There are so many cultural highlights in KL, but top of the list is the Hindu temple Sri Mahamariamman. It’s the oldest (and richest) temple in Kuala Lumpur, founded in 1873 at the edge of Chinatown, on Jalan Tun HS Lee. The Batu Caves is another Indian temple in the limestone hills near the city; it’s in a very dramatic grotto and has a tall golden statue at the base of a staircase that leads visitors up to the snug cave temple. It’s not for everyone, because it can be a messy walk, but I think it’s really worth making the trip. The city’s main mosques – Masjid Jamek Sultan Abdul Samad and the National Mosque of Malaysia – are both must-sees; the latter is set in 13 beautiful manicured acres and holds 15,000 people. And my golfing friends are always happy about the 15 courses within about a 10km radius of town, including the famous Kuala Lumpur Golf & Country Club, where they host PGA and LPGA tournaments.
For real local immersion, I always recommend Bangsar Shopping Centre, where you’ll find a little of everything: spa and beauty products, clothes, shoes and a massive food hall. It has a very local feel – it’s not at all about big chain stores. One of my favourites to browse in is Jasons, the food hall, which has other locations in Singapore and Hong Kong and is basically a department store for all things edible. The huge selection and incredible lighting make it special, and its mangoes, my favourite fruit, are the best. For jewellery that’s influenced by Asian culture and mythology, it has to be Lotus Arts de Vivre: it makes use of raw natural materials – seeds, coconut shells, scarab wings, ebony and precious woods, sea shells, bamboo – and you’ll see wonderful examples of traditional craft techniques.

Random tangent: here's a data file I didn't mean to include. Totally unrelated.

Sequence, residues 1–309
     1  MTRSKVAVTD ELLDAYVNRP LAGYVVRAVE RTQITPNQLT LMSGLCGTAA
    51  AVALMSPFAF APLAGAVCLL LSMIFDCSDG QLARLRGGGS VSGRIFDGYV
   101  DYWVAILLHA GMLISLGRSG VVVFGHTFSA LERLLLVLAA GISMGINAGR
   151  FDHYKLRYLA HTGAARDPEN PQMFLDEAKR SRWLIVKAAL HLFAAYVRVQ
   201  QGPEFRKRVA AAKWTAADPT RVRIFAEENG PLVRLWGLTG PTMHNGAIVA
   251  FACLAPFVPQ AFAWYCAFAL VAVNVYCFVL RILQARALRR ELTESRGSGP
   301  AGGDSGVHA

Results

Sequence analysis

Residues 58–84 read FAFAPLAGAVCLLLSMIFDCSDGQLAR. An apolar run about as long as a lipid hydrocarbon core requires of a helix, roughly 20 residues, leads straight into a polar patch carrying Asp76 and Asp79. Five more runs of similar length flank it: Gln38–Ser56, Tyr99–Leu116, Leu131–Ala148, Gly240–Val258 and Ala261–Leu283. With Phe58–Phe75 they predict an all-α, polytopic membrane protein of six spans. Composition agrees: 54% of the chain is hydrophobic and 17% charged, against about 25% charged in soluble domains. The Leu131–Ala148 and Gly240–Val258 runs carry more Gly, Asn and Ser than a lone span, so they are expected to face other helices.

It’s well worth exploring KLCC Park in the middle of town. It isn’t Hyde Park or Central Park, but it is 20 beautiful hectares and makes the city feel so clean. It’s a wonderful place for children to play and there are running tracks too. For a city escape, take a day trip to Malacca. It’s just 120km south of KL and, since it was variously a Dutch, Portuguese and British colony, there’s an unusual mix of architecture with many ornate temples and a lovely harbour.
Kuala Lumpur is growing rapidly – we have good subways, elevated trains and everything is wired, which makes a visit here very user-friendly. But I hope it keeps its private, slightly homey feel, because when things get too urban, you lose the intimacy. Most of all, I love the genuine kindness of the people; they are what will continue to make it such a special place.